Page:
Earlier this year we journeyed back to the UK from Greece via Macedonia, Serbia, Croatia, Slovenia, Austria and Germany a route now made familiar in every news broadcast. Then the borders were open and welcoming. On entering Macedonia we were required to pay 55 for 15 days of vehicle insurance, but the apologies were profuse. The UK has the most restrictive motor insurance policies of any country in the EU: everyone else, automatically covered by their own insurance, had only to show their passport.

Now everyone is inconvenienced and restricted by checks at all the borders on that journey and there is a real risk that the freedoms endowed by the Schengen Agreement will be abandoned. All this is happening when only 20% of the migrants reaching Germany are from Syria; twice as many (40%) are economic migrants from the non-EU Balkans Albania, Bosnia, Kosovo, Macedonia and even Serbia. Most are fit young men, joining in the rush for benefits and jobs in the heart of Europe, when they are much needed in their own countries.

I am reminded of the mass destruction, death and injury perpetrated by the Germans on many countries throughout Europe between 1939 and 1945. 'Migrations' took many forms: escape from advancing enemy troops, escape from the carpet bombing of cities, deportation to extermination camps in eastern Poland, enforced slave labour in Germany, Germans displaced from the countries they had occupied, people displaced in the movement of national boundaries, and prisoners of war returning home when they were finally released.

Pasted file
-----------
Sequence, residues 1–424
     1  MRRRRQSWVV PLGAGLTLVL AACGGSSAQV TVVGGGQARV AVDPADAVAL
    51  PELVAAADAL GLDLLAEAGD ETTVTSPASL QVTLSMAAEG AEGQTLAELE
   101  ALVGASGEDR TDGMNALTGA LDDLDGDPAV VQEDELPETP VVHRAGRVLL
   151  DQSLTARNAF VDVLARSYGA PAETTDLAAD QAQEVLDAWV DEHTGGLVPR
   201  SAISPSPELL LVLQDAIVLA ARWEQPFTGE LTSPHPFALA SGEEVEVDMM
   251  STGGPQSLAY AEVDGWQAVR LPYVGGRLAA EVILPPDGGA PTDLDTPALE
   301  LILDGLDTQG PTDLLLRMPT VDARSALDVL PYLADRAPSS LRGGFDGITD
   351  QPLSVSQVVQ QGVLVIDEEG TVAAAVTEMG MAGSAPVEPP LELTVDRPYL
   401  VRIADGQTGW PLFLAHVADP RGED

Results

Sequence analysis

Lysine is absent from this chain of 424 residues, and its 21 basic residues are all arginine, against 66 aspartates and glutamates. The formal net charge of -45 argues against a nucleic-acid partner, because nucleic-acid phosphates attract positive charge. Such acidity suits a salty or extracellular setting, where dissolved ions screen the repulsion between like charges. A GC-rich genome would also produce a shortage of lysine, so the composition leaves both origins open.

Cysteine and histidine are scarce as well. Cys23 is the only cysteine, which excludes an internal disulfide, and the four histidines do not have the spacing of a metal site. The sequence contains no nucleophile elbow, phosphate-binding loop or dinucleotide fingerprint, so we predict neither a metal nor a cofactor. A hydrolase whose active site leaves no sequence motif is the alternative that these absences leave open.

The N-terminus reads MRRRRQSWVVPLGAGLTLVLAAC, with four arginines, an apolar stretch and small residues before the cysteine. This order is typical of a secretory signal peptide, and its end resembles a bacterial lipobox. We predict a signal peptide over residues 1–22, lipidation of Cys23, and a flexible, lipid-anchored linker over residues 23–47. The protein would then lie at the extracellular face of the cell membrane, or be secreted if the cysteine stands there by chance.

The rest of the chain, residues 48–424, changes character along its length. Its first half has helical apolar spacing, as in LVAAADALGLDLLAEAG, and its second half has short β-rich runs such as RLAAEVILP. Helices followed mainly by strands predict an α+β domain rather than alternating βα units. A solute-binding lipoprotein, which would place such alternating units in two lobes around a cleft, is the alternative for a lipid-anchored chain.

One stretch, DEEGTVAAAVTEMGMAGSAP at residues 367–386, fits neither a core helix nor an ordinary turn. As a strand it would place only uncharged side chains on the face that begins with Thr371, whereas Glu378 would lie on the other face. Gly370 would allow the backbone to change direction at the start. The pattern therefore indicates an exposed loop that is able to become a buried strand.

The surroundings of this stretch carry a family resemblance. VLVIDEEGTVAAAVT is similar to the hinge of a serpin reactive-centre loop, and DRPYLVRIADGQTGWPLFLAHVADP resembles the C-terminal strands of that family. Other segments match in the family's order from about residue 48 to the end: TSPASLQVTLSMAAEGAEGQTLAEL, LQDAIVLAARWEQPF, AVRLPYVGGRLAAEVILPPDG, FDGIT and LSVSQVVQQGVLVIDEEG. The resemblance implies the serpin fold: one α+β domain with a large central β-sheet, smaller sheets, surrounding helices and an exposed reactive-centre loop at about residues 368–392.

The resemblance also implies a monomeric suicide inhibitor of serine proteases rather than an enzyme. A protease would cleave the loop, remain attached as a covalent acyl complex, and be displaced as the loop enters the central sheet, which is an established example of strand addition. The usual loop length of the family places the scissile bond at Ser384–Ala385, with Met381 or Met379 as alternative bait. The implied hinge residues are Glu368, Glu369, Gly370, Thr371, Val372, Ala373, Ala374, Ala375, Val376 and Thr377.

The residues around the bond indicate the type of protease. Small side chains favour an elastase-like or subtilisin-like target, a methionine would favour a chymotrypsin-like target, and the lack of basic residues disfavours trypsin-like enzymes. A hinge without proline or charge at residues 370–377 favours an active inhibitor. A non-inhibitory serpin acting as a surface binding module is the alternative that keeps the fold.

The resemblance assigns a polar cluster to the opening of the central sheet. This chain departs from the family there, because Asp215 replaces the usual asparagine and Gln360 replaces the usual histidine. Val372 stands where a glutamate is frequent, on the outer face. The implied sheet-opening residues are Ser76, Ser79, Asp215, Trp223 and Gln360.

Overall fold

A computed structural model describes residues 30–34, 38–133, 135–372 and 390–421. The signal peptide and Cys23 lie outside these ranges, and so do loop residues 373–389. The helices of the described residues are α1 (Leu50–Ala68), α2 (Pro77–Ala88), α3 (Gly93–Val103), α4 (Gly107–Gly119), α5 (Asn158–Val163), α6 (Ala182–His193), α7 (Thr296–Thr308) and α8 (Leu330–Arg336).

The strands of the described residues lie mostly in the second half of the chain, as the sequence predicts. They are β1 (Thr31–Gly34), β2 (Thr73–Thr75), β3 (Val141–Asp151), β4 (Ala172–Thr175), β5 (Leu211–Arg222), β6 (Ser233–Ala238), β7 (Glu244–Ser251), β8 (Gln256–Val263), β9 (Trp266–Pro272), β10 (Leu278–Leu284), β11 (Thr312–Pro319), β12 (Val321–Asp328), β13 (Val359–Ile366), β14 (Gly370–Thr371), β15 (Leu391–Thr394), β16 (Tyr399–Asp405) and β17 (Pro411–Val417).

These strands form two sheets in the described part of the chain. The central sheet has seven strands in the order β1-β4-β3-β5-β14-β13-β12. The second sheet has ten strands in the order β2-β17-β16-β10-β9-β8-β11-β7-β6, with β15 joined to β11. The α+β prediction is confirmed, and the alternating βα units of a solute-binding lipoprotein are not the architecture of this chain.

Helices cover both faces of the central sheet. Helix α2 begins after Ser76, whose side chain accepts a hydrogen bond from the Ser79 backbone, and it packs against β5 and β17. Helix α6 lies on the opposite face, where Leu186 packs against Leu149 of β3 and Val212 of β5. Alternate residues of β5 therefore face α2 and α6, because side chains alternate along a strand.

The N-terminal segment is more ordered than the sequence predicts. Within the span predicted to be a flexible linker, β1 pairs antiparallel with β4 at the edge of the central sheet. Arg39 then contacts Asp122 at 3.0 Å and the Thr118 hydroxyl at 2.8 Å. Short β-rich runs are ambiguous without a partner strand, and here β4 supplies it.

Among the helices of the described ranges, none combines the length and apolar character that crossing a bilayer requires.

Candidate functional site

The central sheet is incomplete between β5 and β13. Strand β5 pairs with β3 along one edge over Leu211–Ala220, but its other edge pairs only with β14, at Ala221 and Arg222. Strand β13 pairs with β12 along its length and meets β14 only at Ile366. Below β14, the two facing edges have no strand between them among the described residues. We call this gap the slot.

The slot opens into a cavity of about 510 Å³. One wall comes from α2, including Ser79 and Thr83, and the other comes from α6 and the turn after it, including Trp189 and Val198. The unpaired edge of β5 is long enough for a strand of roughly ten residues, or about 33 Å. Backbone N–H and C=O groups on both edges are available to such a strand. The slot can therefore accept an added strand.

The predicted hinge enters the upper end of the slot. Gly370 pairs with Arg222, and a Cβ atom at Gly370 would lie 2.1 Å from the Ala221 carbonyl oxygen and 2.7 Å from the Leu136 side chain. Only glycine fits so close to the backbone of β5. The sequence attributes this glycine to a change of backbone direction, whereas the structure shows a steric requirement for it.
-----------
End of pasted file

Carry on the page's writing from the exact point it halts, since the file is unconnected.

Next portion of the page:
Only the Jews had to actually leave Europe and found a whole new country in a hostile desert. The great majority of displaced people remained within Europe and ultimately returned to where they belonged. They took part in the recovery and rebuilding of their countries, after 1945 in the West and 1990 in the East, with America holding back the Russians in those intervening 45 years. This phoenix-like rising from the ashes led to the astonishing achievement of the European Union.

As a young child, I was part of this process as an internally displaced refugee during World War II: given refuge from the bombing of the North Sea port of Hull, the second most devastated of any UK city.  I was 'evacuated', being returned home when the bombing eased. Only 6,000 out of the 91,000 houses in the city were undamaged by the end of the war. There was no 'refuge' other than the air-raid shelter, or evacuation from the city. People stayed and they fought back and they won and they restored the country. Indeed, life in Britain improved with the reforms introduced by the Atlee government in the immediate aftermath of war (see our article on this subject): the NHS, pensions, social security, nationalisation, reform of the education system.

The latter gave Margaret and me (as well as Jeremy Corbyn) the benefit of a free grammar school education: a benefit still easily outclassed by any public school boy or girl! The class system still rules and Jeremy has much to do or, like SYRIZA in Greece, will he yet sing to the capitalists' tune?